4.     The Colorado State Veterans Center At Homelake is the only Veterans' burial facility located entirely in the area defined as the Southern Colorado Region. The grounds of that facility are nearly full and it offers fewer than ten burial sites at the time of this hearing. The Homelake cemetery has virtually no current positive impact on addressing the future burial needs of veterans in the southern counties of Colorado.

Figure 1: National & State Veterans Cemeteries in Colorado

The three operational cemeteries accepting Veteran burials in Colorado are reflected above with the green circles denoting a catchment area with a 75 mile radius. The 29 counties defined in H.R. 1660 as comprising the "Southern Colorado Region" are within the area shaded red.

Figure 1 clearly demonstrates that the city of Colorado Springs, our state's second largest city, lies at the far edge of the catchment area for Fort Logan National Cemetery. Pueblo, our state's ninth largest city, lies 15 miles outside the catchment area for Fort Lyon National Cemetery and 36 miles beyond the catchment area of Fort Logan. The desperate need for a National cemetery in this region becomes even more imperative in light of the demographics of these two cities, as well as that of the rural areas farther south and west.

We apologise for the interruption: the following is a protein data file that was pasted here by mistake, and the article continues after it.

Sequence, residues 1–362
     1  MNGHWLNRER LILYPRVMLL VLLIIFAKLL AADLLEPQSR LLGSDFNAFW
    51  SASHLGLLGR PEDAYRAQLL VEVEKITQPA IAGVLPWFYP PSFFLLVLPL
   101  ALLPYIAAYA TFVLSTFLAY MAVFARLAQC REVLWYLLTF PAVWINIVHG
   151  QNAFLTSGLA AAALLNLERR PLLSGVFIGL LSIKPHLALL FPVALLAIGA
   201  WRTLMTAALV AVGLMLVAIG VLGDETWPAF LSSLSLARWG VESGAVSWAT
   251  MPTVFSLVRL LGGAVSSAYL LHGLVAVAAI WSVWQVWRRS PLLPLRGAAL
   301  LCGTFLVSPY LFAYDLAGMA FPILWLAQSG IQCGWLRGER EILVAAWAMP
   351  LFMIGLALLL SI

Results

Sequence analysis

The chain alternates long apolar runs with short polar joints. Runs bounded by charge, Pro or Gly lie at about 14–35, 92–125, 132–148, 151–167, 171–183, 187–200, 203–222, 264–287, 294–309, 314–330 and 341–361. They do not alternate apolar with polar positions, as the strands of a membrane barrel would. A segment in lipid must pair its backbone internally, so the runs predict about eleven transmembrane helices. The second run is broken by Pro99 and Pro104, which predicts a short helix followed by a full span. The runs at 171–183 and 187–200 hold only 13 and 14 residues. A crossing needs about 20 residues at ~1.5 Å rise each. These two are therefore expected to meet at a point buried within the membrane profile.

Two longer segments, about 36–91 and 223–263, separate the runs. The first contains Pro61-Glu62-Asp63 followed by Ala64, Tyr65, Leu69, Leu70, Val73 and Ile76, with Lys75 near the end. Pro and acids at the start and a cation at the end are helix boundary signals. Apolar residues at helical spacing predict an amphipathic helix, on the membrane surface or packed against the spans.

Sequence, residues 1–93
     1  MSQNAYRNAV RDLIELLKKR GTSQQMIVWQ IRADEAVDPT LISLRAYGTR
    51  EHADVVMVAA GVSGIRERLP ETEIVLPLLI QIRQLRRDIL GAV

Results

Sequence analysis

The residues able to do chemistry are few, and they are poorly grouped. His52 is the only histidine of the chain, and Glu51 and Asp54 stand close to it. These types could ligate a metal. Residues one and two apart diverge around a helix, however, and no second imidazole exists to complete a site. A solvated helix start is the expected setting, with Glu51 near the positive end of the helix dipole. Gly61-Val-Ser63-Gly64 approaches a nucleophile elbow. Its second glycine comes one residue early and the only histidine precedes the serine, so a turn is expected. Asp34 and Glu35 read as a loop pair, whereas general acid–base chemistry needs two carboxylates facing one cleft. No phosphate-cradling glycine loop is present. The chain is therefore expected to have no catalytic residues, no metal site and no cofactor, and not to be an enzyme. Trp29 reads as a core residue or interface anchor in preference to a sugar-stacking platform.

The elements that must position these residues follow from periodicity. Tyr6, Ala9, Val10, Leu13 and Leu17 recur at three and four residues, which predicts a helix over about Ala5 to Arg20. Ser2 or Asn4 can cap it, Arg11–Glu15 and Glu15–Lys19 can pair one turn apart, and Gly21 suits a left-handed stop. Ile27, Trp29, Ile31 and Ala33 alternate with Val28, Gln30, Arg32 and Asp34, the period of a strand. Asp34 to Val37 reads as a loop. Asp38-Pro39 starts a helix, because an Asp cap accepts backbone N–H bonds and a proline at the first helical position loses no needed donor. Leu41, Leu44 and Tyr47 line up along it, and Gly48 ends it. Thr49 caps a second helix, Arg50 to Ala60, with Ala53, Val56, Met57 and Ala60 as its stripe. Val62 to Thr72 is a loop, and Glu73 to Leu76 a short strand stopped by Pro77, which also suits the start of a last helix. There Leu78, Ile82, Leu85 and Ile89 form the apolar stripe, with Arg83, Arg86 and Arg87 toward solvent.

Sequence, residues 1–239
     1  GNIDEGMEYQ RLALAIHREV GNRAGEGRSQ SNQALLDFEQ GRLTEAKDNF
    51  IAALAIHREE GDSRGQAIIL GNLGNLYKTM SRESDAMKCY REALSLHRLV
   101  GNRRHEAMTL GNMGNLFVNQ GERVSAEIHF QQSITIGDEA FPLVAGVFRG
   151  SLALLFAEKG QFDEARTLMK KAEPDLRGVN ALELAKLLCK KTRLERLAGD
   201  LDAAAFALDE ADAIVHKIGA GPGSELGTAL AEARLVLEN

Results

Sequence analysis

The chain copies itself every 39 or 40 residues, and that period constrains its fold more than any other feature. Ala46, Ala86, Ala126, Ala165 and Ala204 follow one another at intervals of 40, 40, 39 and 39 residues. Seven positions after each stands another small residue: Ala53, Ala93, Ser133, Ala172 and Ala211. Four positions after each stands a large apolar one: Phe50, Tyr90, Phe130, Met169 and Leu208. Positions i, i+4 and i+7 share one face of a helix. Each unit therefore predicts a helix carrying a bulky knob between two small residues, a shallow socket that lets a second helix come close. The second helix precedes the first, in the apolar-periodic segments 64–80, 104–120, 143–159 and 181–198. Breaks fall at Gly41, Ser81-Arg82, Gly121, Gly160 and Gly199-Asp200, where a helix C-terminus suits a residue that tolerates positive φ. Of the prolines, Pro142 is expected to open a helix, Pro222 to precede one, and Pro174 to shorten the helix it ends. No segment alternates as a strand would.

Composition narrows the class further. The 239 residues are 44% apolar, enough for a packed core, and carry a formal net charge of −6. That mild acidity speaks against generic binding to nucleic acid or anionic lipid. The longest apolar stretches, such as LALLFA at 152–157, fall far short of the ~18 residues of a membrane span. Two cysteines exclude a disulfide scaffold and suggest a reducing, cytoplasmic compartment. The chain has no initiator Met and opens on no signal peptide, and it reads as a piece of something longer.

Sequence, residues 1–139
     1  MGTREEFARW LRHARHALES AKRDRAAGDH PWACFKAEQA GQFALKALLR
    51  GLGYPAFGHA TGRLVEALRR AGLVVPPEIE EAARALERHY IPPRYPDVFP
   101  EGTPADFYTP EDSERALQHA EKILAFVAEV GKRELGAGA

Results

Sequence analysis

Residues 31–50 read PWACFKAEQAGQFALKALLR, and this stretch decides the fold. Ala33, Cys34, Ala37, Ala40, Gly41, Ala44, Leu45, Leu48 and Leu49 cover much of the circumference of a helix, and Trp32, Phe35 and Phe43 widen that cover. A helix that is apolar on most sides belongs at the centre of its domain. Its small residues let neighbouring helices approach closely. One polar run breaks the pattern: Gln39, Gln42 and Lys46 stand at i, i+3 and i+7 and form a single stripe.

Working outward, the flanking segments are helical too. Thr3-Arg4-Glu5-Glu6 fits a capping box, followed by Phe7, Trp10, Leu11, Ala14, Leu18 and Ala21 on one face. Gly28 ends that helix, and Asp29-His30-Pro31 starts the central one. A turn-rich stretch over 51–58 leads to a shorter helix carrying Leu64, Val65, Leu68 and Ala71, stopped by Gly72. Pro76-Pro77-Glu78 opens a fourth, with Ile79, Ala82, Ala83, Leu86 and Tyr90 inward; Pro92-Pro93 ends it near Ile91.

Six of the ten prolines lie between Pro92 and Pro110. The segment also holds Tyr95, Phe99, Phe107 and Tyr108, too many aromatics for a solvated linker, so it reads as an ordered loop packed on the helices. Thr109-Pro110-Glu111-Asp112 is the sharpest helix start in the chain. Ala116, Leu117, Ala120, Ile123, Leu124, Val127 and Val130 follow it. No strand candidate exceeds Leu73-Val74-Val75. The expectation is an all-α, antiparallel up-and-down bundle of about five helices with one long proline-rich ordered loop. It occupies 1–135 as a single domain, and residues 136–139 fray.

The 2000 Census demonstrated that Colorado as a whole has a Veterans population 2% above the National average. Even more striking is a Veterans demographic for the geographical area that runs from Colorado Springs, south through Pueblo to the New Mexico border, and west into the Colorado Rocky Mountains. This area, comprising 9 of the 29 counties defined as the "Southern Colorado Region" were found in the 2000 count to have a veterans population far exceeding the national average.

Figure 2: Colorado Veterans Corridor

map of Colorado Veterans Corridor

Counties denoted above in light blue have Veterans populations significantly larger than the National average, and those counties shaded in the dark blue were found to have veterans populations one-and-a-half times the National average. This high proportion of veterans in Southern Colorado is further reflected in the statistics for the two largest cities in the Veterans' Corridor.